Sunday :: Jul 16, 2006

Mexicans Demand a Recount


by Mary

Voters in Mexico are not passively waiting to see whether the special election tribunal will serve democracy well and order a recount of the votes. Today an estimated million people flooded the streets of Mexico City demanding that the votes get recounted. This is an election strangely reminiscent of Florida 2000: where the vote count was extremely close (less then 0.6% difference), where there is strong evidence of fraud, and where the PAN candidate, Felipe Calderon, has boldly declared himself victor despite the uncertainty. Today's protest showed the extent of the outrage and anger after the strongly disputed election.

The outpouring was by far the largest demonstration yet in support of former Mexico City mayor Andres Manuel Lopez Obrador, a left-leaning populist who claims fraud was widespread in his narrow loss to conservative ruling party candidate Felipe Calderon.

The rally, possibly the largest in the city's 681-year history, seemed to boost the political case for a recount, if not the legal one, which is now before a special election tribunal. Organizers of Lopez Obrador's Party of the Democratic Revolution, known as the PRD, distributed copies of newspaper editorials worldwide calling for a recount, if not for Lopez Obrador then to affirm Mexico's nascent democracy and Calderon's victory.

Lopez Obrador called on his followers to continue a nationwide campaign of "passive civil resistance in the defense of democracy."

The protests will end, he said, when there's a recount.

Calderon denies any fraud and opposes a recount, saying that recent elections in Germany and Italy were closer than his. Uncertified results give him a margin of victory of fewer than 244,000 votes out of 41 million.

Despite concerns about possible violence and social unrest, police reported no serious incidents among the festive columns of marchers converging on the Zocalo, Mexico City's historic central square.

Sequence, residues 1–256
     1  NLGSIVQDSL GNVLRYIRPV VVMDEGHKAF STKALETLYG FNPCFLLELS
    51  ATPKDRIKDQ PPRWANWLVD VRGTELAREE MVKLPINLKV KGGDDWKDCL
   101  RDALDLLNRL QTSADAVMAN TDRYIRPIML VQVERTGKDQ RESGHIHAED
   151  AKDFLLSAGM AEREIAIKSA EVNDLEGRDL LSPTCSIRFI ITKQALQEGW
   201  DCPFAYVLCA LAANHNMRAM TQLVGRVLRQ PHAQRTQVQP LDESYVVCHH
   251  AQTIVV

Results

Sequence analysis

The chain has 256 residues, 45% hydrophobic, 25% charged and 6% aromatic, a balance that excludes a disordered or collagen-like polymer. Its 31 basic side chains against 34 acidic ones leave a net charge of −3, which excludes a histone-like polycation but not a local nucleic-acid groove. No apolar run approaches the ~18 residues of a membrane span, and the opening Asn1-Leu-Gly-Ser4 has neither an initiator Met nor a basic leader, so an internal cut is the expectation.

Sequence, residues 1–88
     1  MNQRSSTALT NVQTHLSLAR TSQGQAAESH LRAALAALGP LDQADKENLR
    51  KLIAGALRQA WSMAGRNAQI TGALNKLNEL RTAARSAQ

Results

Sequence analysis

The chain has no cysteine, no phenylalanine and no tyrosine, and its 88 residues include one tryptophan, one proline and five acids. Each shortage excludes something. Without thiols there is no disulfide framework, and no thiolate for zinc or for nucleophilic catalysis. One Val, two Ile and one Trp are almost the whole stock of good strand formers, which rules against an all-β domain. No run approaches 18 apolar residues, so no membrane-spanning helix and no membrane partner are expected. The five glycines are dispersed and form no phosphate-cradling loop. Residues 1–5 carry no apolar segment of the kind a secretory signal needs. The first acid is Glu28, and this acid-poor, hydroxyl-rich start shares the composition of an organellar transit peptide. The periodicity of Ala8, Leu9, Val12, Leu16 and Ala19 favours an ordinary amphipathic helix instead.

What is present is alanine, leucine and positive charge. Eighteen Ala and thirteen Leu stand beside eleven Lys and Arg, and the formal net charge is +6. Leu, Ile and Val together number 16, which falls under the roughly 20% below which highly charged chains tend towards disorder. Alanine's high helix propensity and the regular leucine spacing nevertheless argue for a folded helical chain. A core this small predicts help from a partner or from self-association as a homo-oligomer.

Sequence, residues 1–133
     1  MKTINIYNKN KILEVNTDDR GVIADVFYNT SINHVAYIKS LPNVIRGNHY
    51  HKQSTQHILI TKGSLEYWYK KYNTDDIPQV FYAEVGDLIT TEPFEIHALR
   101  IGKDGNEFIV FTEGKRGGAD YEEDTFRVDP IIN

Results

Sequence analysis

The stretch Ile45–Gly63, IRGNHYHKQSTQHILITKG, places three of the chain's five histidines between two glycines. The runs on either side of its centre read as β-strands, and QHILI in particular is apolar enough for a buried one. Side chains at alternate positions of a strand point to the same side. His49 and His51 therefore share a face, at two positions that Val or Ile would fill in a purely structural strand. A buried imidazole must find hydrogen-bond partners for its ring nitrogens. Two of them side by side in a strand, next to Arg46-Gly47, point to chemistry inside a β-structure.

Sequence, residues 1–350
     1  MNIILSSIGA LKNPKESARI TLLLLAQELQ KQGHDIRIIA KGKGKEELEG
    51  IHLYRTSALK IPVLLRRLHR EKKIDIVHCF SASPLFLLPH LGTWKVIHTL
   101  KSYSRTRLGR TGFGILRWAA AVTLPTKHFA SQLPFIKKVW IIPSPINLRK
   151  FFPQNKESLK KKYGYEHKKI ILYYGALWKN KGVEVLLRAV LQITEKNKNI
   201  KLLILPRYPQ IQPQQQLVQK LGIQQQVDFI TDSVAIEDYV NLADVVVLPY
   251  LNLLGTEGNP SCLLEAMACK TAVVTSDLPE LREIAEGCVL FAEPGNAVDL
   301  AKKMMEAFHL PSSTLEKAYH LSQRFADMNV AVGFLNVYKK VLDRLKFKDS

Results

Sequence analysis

"Demanding a recount of every vote is not violence, it is democracy," said Mexican actress and political activist Jesusa Rodriguez, one of the leaders of the march. "It is those who oppose a recount are who are complicit in violence."

Yes, if the vote was counted fairly, then there should be no problem holding a recount. Mexicans want to believe that their country finally can solve problems democratically, but that will not happen if people do not have confidence in the election results.

For Americans who know how an election can be stolen, it is not surprising to see little in our media exposing what is happening in Mexico today. Our news reports that Bush has already congratulated Calderon despite the problems with the election. However, if you really want to get an understanding of why the Mexicans believe there was fraud and what they are hearing and seeing on their media, you can do no better than read Al Giordano's dispatches:

Part I: In Mexico, 2.5 Million Missing Votes Reappear: López Obrador Reduces Calderón’s Official Margin to 0.6 percent

Part II: A Full Recount Would Show that López Obrador Won Mexico’s Presidency by More than One Million Votes

Part III: Death by Video: Mexico’s Election Fraud Is Coming Undone

Here's a chart showing the vote counts vs a more linear projection of what the votes would be as the numbers of votes approached 100%. They explained the discrepancy as one northern state had their results counted late. It reminds me of the huge rush of Christian Conservatives which supposedly explained the massive vote shift from afternoon voting projections for Kerry to the "win" for Bush at the end. Interestingly, there is no more evidence that the strange results had anything to do with the timing of the vote counting for the northern state than those mysterious voters who came out en-mass for Bush in 2004.

It is hard to believe that the Mexican people will accept the theft of an election quietly. Perhaps we citizens of the USA can learn something from them.

Mary :: 6:47 PM :: Comments (6) :: TrackBack (0) :: Digg It!